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I was tasked with determining whether the following series:

$$\sum_{n=1}^{\infty} \tan\left(\frac{1}{n}\right) $$

converges.

I tried employing the integral test which failed and produced incalculable integrals. Other methods didn't prove effective also. I was suggested that the Maclauren series might be of use here, but I'm not sure how to employ it.

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Or by limit comparison test with $\sum\frac1n$ since by standard limit for $x\to 0\implies\frac{\tan x}{x}\to 1$ and then

$$\frac{\tan\left(\frac{1}{n}\right)}{\frac1n}\to1$$

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  • $\begingroup$ That's an efficient way to do it. $\endgroup$ – Bak1139 Mar 29 '18 at 13:21
  • $\begingroup$ @Bak1139 Yes indeed limit comparison test avoid to use inequalities which sometimes are difficult to handle. $\endgroup$ – gimusi Mar 29 '18 at 13:23
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We can solve this with the inequality $\tan(x)>x$ for $0<x<\pi/2$ as follows $$\sum_{n=1}^\infty \tan\left(\frac{1}{n}\right)>\sum_{n=1}^\infty\frac{1}{n}$$ And you probably already know that the harmonic series diverges (it can be proven by integral test).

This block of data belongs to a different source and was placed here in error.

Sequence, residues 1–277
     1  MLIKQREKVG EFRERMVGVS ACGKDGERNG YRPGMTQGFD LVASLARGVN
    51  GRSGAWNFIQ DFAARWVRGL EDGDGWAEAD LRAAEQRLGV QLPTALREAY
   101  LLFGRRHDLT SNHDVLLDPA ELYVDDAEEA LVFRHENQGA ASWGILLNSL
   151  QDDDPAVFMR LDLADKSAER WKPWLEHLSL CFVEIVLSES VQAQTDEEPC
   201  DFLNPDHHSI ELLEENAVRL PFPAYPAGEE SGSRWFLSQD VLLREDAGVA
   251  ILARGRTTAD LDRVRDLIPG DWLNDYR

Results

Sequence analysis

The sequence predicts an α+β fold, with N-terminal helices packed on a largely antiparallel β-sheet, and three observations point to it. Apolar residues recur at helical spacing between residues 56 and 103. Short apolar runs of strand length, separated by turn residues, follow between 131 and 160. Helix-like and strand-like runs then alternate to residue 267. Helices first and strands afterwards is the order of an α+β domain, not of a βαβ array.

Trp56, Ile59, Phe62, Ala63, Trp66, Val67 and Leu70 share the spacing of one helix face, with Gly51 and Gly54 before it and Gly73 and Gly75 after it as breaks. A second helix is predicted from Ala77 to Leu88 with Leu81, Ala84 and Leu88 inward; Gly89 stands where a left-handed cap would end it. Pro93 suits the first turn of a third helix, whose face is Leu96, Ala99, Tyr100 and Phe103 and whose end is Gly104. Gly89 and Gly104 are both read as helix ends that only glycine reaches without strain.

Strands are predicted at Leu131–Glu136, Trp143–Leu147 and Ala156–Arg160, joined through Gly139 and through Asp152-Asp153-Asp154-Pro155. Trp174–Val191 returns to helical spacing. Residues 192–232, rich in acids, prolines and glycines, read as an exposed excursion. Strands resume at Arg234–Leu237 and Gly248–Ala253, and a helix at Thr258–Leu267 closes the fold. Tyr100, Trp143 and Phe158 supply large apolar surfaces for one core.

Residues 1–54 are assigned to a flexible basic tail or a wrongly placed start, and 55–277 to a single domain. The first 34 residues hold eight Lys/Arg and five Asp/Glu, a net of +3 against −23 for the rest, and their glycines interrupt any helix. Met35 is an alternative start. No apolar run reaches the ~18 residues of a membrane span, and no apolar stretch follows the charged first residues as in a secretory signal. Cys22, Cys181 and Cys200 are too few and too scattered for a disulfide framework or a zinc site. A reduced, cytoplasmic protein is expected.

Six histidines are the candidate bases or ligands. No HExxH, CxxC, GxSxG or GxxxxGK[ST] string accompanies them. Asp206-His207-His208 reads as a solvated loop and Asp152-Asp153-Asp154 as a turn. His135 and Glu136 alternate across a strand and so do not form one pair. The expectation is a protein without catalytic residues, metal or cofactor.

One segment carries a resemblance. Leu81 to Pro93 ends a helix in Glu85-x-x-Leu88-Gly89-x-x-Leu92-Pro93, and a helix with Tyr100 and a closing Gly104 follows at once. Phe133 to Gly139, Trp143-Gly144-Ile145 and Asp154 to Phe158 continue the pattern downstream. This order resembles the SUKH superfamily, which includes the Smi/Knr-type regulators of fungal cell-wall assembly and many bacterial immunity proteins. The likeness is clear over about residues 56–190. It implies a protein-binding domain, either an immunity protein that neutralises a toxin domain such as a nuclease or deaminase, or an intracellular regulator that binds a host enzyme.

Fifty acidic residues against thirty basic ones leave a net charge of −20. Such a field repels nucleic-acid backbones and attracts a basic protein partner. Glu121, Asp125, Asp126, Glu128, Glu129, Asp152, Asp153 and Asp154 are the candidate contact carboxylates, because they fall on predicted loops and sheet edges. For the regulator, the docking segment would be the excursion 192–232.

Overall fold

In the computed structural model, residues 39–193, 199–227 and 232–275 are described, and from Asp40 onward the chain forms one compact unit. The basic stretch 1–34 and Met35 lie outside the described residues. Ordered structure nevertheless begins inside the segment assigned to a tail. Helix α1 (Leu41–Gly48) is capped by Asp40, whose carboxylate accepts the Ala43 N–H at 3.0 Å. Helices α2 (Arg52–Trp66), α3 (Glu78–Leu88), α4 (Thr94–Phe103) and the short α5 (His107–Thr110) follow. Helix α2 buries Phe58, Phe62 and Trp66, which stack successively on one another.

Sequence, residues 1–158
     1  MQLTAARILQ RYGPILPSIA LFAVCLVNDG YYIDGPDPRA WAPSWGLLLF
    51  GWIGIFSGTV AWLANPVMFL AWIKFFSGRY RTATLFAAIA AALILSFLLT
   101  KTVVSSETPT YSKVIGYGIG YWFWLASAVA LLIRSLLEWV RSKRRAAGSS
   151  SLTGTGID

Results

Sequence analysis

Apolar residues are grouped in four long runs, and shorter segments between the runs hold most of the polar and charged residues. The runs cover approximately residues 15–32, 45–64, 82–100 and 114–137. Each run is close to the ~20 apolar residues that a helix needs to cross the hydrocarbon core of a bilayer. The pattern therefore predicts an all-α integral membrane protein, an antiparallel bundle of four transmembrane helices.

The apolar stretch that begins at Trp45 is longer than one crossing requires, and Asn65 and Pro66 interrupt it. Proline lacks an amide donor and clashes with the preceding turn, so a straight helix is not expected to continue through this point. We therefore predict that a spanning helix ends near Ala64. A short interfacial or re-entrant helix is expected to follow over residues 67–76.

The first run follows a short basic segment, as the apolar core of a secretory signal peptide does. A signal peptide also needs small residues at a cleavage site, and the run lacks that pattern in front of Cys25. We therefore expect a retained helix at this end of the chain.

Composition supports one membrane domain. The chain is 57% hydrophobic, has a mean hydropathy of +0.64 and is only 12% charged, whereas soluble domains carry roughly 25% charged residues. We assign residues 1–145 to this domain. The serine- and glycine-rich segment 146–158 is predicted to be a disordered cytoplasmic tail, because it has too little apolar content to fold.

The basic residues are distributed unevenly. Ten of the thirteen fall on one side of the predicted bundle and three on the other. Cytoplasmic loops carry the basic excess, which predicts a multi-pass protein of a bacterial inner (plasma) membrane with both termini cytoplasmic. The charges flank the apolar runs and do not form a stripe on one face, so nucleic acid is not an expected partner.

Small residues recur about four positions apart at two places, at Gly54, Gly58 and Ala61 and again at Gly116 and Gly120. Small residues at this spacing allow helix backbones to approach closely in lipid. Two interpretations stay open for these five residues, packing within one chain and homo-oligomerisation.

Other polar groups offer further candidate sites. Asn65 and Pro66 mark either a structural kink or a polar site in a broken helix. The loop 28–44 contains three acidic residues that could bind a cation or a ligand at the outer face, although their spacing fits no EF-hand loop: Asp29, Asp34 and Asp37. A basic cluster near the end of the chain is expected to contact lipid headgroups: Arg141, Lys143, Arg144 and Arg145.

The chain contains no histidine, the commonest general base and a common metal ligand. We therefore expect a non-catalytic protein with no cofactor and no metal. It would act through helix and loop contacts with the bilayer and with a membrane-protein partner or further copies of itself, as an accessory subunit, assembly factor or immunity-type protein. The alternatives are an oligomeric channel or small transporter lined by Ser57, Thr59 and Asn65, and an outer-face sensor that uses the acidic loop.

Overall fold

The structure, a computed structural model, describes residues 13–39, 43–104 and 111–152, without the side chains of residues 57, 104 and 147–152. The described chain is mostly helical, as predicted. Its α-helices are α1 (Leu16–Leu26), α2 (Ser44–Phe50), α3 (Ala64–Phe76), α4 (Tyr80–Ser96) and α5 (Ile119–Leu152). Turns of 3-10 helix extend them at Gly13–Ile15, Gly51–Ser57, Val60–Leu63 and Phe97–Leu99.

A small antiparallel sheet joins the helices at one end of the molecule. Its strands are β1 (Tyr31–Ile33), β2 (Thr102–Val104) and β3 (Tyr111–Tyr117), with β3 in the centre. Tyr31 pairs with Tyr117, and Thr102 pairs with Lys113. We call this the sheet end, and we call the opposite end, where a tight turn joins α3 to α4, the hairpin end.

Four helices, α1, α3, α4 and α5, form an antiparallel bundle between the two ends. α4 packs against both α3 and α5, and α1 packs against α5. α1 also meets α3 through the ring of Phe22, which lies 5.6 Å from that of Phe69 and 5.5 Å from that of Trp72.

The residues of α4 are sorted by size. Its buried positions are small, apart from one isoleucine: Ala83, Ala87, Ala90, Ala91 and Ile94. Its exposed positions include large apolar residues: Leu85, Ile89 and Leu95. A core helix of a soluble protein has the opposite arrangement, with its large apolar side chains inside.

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Hint. Note that for any positive integer $n$, $$\tan\left(\frac{1}{n}\right)> \frac{1}{n}.$$ See Why $x<\tan{x}$ while $0<x<\frac{\pi}{2}$?

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Note that $$\tan \left(\frac{1}{n}\right)\sim_{_{\infty}} \frac{1}{n} $$ As $$\tan \left(\frac{1}{n}\right)=\frac{1}{n}+O\left(n^{-3}\right)$$ Which can be derived from the Maclaurin series expansion of $\tan x$.

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